Local Democratic members of the House of Delegates won comfortable victories Nov. 2, even as Virginia voters appear to have selected Republicans for the top statewide offices.
All 100 House of Delegates seats were up for grab this November, as they always are during odd-numbered years, and every seat was contested, which is not a regular occurrence.
Del. Marcus Simon (D) defeated Republican challenger Sarah White in the 53rd District, which includes Falls Church and parts of the McLean area.
According to unofficial results, Simon received 22,292 votes (71.69 percent) and White 8,749 (28.14 percent). There also were 55 write-in votes (0.18 percent)
Simon, a lawyer and businessman, has held the seat since 2013, when he succeeded his mentor, the late Del. James Scott (D). White manages several restaurants and was a first-time candidate.
Del. Mark Keam (D) won a seventh two-year term after beating Republican challenger Kevin McGrath in the 35th District, which covers the Oakton and Vienna areas.
Voters cast 24,044 ballots (68.26 percent) for Keam and 11,132 (31.6 percent) for McGrath, according to the unofficial tally. There also were 48 write-in votes (0.14 percent).
Keam first was elected to the seat in 2009 and until this year had been challenged only once for re-election. McGrath is a retired CIA employee and was making is first bid for office.
Del. Kathleen Murphy (D) bested Republican Gary Pan again in the 34th District, which includes Great Falls and parts of McLean and Sterling.
Unofficial results listed Murphy as receiving 22,496 votes (56.74 percent) to Pan’s 17,109 (43.15 percent). Forty-five voters cast write-in ballots, which amounted to 0.11 percent of the tally.
Murphy, who also defeated Pan in the 2019 contest, first was elected to the seat in a January 2015 special election held after Del. Barbara Comstock was elected to the U.S. House of Representatives in November 2014. Murphy had to beat a challenger to win a full term in 2015 and has faced challengers in every election since.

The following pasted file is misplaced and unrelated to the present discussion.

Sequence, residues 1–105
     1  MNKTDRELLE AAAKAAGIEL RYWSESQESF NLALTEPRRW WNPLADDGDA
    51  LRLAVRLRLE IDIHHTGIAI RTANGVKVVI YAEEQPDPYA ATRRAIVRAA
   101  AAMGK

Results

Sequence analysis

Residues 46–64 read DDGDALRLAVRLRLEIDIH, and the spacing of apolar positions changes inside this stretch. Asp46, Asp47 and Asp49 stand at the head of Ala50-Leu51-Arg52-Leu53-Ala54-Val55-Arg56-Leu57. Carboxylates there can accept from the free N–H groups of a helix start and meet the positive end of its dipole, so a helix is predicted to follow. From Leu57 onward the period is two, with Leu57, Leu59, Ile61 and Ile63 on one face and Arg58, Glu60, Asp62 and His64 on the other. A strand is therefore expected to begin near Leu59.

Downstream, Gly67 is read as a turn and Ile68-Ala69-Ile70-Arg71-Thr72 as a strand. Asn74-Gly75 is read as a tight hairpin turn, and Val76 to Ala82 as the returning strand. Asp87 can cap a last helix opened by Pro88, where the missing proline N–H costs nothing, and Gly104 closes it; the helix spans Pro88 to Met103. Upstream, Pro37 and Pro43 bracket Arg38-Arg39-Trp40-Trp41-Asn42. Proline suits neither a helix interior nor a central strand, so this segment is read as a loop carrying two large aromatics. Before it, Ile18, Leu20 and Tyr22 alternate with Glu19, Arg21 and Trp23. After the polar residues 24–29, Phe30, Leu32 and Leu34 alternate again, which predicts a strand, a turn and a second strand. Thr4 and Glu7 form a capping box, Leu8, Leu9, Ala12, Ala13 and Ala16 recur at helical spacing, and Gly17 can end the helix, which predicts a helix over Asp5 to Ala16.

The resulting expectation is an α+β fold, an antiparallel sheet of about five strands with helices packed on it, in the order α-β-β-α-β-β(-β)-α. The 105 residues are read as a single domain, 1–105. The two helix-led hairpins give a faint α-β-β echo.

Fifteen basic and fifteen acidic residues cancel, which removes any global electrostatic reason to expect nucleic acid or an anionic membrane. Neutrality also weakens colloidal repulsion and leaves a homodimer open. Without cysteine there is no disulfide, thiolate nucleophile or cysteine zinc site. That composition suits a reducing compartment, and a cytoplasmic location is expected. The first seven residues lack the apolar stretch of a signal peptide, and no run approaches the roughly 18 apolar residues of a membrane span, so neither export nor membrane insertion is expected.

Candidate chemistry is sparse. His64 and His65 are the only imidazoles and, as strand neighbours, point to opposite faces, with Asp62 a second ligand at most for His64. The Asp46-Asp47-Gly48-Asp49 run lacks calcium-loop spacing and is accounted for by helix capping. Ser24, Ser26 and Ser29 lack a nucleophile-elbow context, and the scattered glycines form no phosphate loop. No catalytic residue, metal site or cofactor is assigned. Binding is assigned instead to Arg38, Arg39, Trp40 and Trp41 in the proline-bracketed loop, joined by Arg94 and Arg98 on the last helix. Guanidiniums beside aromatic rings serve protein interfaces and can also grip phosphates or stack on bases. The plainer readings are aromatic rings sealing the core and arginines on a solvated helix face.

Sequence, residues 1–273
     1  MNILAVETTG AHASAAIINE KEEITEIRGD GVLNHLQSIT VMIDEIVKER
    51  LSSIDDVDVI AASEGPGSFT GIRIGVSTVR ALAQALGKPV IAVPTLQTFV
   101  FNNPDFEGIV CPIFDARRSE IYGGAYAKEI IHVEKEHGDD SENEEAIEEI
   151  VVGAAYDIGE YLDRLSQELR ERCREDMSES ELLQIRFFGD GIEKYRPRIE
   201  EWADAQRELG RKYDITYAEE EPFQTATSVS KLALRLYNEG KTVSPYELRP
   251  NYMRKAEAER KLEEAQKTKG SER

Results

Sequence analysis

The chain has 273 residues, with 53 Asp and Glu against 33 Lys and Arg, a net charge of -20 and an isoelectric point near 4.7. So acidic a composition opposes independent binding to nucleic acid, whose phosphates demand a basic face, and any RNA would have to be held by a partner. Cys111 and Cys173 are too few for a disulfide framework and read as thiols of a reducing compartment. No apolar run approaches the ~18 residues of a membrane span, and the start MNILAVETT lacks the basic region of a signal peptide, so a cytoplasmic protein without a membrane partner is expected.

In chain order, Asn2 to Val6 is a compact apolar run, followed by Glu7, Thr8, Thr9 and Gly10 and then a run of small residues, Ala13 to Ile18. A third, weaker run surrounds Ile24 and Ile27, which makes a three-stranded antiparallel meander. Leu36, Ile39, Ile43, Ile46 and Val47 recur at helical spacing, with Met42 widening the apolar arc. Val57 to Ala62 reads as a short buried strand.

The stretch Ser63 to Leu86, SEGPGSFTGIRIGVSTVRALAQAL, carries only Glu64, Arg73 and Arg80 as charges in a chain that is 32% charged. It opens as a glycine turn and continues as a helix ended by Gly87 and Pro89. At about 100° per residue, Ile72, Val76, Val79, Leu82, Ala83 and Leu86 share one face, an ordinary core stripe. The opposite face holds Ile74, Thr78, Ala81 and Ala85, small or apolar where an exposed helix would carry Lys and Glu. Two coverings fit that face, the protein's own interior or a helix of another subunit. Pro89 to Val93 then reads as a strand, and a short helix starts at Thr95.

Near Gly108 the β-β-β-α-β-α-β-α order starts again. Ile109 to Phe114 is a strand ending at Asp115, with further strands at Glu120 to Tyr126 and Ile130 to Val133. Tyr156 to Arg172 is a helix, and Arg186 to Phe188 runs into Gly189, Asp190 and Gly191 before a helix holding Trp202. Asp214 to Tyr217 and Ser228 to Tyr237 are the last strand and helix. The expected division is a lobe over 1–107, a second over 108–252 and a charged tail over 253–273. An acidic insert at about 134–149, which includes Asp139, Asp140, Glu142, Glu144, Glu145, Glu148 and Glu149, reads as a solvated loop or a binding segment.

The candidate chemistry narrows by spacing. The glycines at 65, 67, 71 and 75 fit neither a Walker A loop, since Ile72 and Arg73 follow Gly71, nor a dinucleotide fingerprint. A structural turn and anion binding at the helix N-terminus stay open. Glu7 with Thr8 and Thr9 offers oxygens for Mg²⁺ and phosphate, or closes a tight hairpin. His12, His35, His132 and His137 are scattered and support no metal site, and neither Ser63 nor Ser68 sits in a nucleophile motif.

Del. Rip Sullivan (D), whose 48th District contains parts of Arlington and McLean, easily beat Republican challenger Edward Monroe.
In unofficial results, Sullivan received 27,847 ballots (72.05 percent) to Monroe’s 10,709 (27.71 percent). Voters cast 92 write-in ballots (0.24 percent).
While not finding much success in liberal-leaning Northern Virginia, Republicans were poised for victory in the statewide races.
As of the morning of Nov. 3, with some precincts still not having reported their results, preliminary vote tallies put Glenn Youngkin (R) ahead of former Gov. Terry McAuliffe (D) for the governorship. McAuliffe has conceded Youngkin’s victory.
Youngkin received 1,663,982 votes (50.68 percent) to McAuliffe’s 1,594,221 (48.55 percent). Liberation candidate Princess Blanding received 22,631 votes (0.69 percent) and there were 2,633 write-ins (0.08 percent), according to the unofficial tally.
Unofficial results also put Winsome Sears (R) in front of Hala Ayala (D) for lieutenant governor, with 1,660,174 votes for Sears and 1601,728 for Ayala, and Jason Miyares (R) in the lead over two-term incumbent Mark Herring (D) in the race for Virginia attorney general. Miyares has 1,650,072 votes to Herring’s 1,615,206, according to the unofficial results.
Election officials will accept mailed-in absentee ballots through noon on Nov. 5 and will not certify the election until Nov. 15.